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Sylvain George • Director

"Folding things up and rewriting them in the long term"


- Interview with Sylvain George, director of Paris is a Moveable Feast – A Film in 18 Waves, a hypnotic and radical stroll around the centre and nooks and crannies of the French capital

Sylvain George • Director
(© Dao Bacon / Cinéma du Réel)

To mark the occasion of the screening of Paris is a Moveable Feast – A Film in 18 Waves [+see also:
film review
interview: Sylvain George
film profile
at the Cinéma du Réel Festival and its release next week, before he picks up his project on Calais that he interrupted to film three of the demonstrations that shook Place de la République in 2015 and 2016 – and, alongside this raging gush of collective resistance, human life reduced to its barest essence, to the most exposed of personal freedom which can be seen in the chinks in society’s armour, on the pavements where refugees sleep rough –, filmmaker, writer and poet Sylvain George talks to us about this piece, which makes close and electrifying contact with an intense truth, which is completely present although muffled in the night of time.

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Cineuropa: You chose a title that evokes a number of things for this film.
Sylvain George: The idea was to move away from words associated with certain uses of them. Paris is a Moveable Feast is first and foremost a book by Hemingway, which became famous when someone mentioned it on a rolling news channel covering the attacks, and picked up on immediately afterwards by the Mayor of Paris to promote culture and tourism. The same thing goes for "wave", a very polysemous word that is often appropriated in a stigmatising way (you hear talk of an immigration "wave", putting it on an equal footing with a "wave of attacks"), which I wanted to play with by expanding on it, because it also refers back to the account of my protagonist, Mohamed, when he talks about his boat crossing, and then his situation as an  "unseen castaway", in Lucrèce’s words as he describes the reaction when a person is shipwrecked and abandoned, left to wash ashore – referring to an ethical and political stance. Using the word wave also evokes the idea of repetition, but one which can also create difference, allowing new things to surface, new actions that are capable, perhaps, of overthrowing a certain state of affairs.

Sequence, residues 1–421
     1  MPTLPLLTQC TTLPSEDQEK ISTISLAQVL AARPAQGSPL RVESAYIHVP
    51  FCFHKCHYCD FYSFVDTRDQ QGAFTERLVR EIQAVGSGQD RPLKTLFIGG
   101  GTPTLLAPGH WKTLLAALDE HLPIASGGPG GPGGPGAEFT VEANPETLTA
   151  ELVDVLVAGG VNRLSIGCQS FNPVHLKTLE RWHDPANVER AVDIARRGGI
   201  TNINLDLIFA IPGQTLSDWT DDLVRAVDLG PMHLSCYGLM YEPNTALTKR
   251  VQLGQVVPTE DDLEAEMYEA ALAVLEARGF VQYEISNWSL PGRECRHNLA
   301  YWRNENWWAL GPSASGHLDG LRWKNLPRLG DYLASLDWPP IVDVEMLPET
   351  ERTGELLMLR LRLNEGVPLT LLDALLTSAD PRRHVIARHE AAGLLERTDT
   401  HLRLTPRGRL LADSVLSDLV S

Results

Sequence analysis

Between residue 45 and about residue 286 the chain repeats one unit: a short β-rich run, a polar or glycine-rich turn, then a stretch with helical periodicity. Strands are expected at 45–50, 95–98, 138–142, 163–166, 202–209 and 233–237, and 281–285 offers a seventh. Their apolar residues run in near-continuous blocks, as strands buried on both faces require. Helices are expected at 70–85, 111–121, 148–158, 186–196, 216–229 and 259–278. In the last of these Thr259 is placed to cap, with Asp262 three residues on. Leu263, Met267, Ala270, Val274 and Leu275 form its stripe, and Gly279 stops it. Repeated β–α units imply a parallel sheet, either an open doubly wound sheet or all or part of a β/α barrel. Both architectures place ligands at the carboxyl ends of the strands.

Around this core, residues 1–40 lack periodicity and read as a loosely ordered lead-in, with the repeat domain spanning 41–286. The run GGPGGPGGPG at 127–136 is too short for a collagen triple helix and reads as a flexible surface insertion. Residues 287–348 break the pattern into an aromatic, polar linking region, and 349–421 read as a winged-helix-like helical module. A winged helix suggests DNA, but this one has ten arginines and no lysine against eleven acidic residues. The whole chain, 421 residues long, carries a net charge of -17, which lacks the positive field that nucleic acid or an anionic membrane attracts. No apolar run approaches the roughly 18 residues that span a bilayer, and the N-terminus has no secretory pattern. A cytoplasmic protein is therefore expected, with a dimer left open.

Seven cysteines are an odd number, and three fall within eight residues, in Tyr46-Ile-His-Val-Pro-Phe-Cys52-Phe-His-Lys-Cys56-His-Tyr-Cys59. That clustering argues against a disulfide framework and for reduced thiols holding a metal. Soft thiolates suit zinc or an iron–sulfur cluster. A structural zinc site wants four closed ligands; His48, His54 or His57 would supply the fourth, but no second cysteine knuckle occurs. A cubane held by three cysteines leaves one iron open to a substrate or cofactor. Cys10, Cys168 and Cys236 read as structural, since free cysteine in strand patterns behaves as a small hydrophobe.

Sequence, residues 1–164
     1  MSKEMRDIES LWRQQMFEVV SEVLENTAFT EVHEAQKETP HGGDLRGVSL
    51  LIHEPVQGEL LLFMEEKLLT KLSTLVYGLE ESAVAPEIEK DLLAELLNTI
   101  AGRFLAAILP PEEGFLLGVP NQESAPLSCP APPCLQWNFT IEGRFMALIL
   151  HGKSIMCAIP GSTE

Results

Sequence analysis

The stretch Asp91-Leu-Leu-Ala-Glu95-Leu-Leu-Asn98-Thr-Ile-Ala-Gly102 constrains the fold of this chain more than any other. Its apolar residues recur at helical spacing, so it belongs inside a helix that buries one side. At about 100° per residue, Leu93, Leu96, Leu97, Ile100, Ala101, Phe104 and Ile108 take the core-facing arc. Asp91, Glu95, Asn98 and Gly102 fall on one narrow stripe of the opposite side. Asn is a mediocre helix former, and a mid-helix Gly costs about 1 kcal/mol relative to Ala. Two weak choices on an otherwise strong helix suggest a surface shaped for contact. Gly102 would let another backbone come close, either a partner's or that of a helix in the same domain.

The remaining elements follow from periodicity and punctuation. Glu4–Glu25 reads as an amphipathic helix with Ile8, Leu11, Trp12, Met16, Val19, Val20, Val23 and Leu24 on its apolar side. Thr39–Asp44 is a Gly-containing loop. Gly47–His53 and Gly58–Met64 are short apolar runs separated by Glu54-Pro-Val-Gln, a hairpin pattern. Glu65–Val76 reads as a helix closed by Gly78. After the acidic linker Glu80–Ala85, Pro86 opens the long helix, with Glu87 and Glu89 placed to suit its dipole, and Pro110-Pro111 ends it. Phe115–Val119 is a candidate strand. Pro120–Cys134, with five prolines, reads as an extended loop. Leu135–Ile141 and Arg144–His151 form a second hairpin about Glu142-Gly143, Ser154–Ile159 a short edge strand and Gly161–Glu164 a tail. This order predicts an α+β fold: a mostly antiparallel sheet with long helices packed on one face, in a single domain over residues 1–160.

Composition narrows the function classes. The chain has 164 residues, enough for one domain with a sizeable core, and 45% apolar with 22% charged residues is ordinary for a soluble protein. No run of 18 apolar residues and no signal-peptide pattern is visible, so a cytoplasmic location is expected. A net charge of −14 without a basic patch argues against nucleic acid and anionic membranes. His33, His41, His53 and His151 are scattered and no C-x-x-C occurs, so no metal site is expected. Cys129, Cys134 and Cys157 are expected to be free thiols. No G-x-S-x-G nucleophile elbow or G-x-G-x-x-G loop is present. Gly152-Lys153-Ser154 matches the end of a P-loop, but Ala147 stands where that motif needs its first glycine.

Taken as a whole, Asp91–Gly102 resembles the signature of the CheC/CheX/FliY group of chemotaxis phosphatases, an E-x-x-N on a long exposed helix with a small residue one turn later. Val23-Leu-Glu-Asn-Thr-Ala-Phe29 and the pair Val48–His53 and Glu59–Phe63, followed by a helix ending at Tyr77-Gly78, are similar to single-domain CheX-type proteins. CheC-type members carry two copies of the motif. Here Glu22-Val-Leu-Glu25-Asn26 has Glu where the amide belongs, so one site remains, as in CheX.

Beyond the reality it portrays, the film’s form (most notably the very meticulous work on the images and sound and the way they interact) defines our experience, perhaps you pick up on things you couldn’t have foreseen. How did you shape this journey?
I’ve always tried to explore the plastic nature of the medium of film with sound, images, colour, black and white, and rhymes, to create a language that takes shape gradually and breaks with the grammar generally associated with documentary film. By working on the resources of the medium, we see certain truths in a different way, conveying not only ideas, but sensations too. And it’s all of these elements that, in a bit of a prolific game at times, allow me to translate and define my stance on the situations I come across. As I like to really get involved in the subject matter I deal with. By getting to know Mohamed, walking around with him, from central places (Michel Lussault’s "hyper-places") to the nooks and crannies of the city (off the beaten track), I saw how political decisions affect bodies, narratives and places. And then, slowly but surely, through elements that folded together, other elements clashed with one another more indirectly. So it’s a film which is, to some extent, a telescope of scenes or events that might seem very separate but actually aren’t at all, which also makes it possible to rewrite them in the long term, to rewrite a certain number of events making up current affairs in a more lasting narrative, in a plastic way, within the framework of a cinematographic exploration that is also part of the wider picture, as it interacts with forms that date back to the dawn of film – to "city films", to Vertov.

Indeed, although the film is carried by a forward-looking movement, each fragment (action, item) that constitutes it invites us to explore its depth and duration, like this writing book that this Afghan refugee puts together.
We could define that as an action. Viewers asked me after seeing the film where the "feast" was, and quite rightly, I find something very joyful in this action – because there’s also joy in this feeling, this action which is also one of resistance, this work that an individual does in defining their inner selves, searching for their own freedom. There’s something joyful there. This joy is conveyed through various types of action: the book, the actions of certain demonstrators, the very expressive movements of Mohammed’s hands in the night. All that links back to what Frantz Fanon called "feasts of the imaginary", or rather that appealing to the imagination allows us to break down barriers, to undo the bolts on completely foreclosed situations and thus open up new spaces and temporalities. It allows you to open yourself up to something impossible.

(Translated from French)

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